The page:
In a fiery preview of a possible 2008 election match-up, US Senators Barack Obama and John McCain traded political potshots over Iraq Friday, and Hillary Clinton also faced a Republican barrage.
A day after the US Congress sent President George W. Bush a new 100 billion dollar war budget, stripped of Democratic troop withdrawal dates, raw emotions over the war spiced up the already simmering 2008 White House race.
Republican candidate McCain complained that Senate votes by Democrats Clinton and Obama against the mammoth funding measure Thursday night were tantamount to "waving a white flag to Al-Qaeda."
Obama shot back in a written statement, ridiculing former Vietnam prisoner-of-war McCain for his recent stroll around a Baghdad neighborhood, and also lashed out at another Republican 2008 hopeful, Mitt Romney.
"Governor Romney and Senator McCain clearly believe the course we are on in Iraq is working, but I do not," Obama said.
"If there ever was a reflection of that, it's the fact that Senator McCain required a flack jacket, ten armored Humvees, two Apache attack helicopters, and 100 soldiers with rifles by his side to stroll through a market in Baghdad just a few weeks ago."
Just 47 minutes later, straight-talking McCain was back with another statement dripping with sarcasm.
While Obama's "two years in the US Senate certainly entitle him to vote against funding our troops," McCain said, his own military service and conversations with military leaders convinced him failure in Iraq would be catastrophic.
McCain's parting shot poked fun at a military faux-pas in the Illinois senator's statement.
"By the way, Senator Obama, it's a 'flak' jacket, not a 'flack' jacket."
The tongue-in-cheek exchange reflected the politically explosive impact of Thursday's vote and previewed the point-scoring likely to intensify as candidates fire off stinging soundbites to delight their core supporters.
Clinton and Obama were among only 14 senators who opposed the budget, in a nod to fiercely anti-war Democratic activists who will decide their fates.
McCain voted for it.
Romney, who has carved out a hawkish profile, said the Democratic pair had rendered themselves undependable in the eyes of the US military.
"Senators Hillary Clinton and Barack Obama cast a vote that singularly defines their lack of leadership and serves as a glaring example of an unrealistic and inexperienced worldview on national security," Romney said.
One Democratic senator, Joseph Biden, a foreign policy veteran running a long-shot 2008 campaign, appeared torn between his conscience and political ambitions, and admitted his "yes" vote Thursday would take some explaining.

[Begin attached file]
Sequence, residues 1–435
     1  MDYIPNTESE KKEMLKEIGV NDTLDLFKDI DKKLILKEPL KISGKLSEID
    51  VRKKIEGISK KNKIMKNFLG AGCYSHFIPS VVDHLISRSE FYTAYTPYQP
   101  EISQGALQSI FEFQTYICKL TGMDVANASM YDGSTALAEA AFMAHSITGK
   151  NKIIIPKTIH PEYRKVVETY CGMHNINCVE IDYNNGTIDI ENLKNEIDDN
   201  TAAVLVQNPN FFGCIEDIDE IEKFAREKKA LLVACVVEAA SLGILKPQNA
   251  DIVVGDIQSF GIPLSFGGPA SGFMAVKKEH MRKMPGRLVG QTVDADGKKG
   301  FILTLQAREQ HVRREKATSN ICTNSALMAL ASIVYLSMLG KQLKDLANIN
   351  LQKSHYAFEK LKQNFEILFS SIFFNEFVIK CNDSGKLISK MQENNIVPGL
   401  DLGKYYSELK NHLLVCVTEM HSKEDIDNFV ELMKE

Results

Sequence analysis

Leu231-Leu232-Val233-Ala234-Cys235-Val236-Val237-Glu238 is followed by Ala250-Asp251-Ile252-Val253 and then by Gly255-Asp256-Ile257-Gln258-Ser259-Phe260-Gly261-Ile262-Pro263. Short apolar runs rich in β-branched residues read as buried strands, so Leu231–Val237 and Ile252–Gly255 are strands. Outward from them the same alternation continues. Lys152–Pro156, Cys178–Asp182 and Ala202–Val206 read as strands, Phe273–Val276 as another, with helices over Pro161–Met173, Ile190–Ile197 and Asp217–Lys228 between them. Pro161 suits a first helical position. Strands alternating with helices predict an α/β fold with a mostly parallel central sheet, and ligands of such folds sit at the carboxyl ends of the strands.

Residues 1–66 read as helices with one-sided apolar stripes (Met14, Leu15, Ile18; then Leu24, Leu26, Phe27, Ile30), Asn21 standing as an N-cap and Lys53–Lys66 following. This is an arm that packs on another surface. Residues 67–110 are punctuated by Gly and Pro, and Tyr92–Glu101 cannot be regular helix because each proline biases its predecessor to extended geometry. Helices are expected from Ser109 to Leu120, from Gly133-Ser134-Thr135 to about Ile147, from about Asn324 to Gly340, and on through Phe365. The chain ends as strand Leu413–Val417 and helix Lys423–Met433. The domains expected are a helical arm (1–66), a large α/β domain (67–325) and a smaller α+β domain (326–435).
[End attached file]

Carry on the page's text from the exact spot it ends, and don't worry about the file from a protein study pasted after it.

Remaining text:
Another aspiring Democratic candidate, Senator Christopher Dodd, said Congress made a "grave mistake."
The vote on war funding came as a new poll showed a record number of people in the United States are pessimistic about the outcome in Iraq and now believe the war was a mistake.
Seventy-six percent of Americans think the war is going badly, up 10 percentage points in one month, according to the CBS News/New York Times opinion poll. And 61 percent said the United States should have stayed out of Iraq.
Obama said late Friday his vote was a signal to Bush that "enough is enough."
"We must negotiate a better plan that funds our troops, signals to the Iraqis that it is time for them to act and that begins to bring our brave servicemen and women home safely and responsibly."
Clinton said the emergency war budget "fails to compel the president to give our troops a new strategy in Iraq."
The Democratic front-runner is frequently asked by anti-war activists to explain her 2002 vote to authorize Bush to wage war in Iraq.
She says she takes responsibility for her vote, but blames Bush for giving "empty assurances" on finding a diplomatic solution.
Obama has indirectly skewered Clinton over her vote, repeatedly reminding audiences he was against the war all along.
The Illinois freshman had however one big advantage — he was not in the Senate when the vote was cast in a febrile political atmosphere just over a year after the September 11, 2001 attacks.